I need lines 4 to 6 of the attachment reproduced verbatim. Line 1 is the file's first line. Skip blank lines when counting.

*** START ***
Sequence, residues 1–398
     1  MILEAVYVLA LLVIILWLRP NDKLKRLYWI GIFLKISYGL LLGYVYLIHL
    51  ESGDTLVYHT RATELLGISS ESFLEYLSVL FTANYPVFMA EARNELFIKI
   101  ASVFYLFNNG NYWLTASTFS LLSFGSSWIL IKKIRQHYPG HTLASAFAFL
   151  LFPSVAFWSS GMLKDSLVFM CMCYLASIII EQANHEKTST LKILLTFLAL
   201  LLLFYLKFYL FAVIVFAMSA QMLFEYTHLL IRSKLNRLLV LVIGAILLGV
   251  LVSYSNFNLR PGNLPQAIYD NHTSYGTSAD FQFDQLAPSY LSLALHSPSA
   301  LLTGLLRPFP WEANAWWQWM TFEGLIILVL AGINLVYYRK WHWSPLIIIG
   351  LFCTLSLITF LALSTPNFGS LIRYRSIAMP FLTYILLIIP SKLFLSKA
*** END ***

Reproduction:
   101  ASVFYLFNNG NYWLTASTFS LLSFGSSWIL IKKIRQHYPG HTLASAFAFL
   151  LFPSVAFWSS GMLKDSLVFM CMCYLASIII EQANHEKTST LKILLTFLAL
   201  LLLFYLKFYL FAVIVFAMSA QMLFEYTHLL IRSKLNRLLV LVIGAILLGV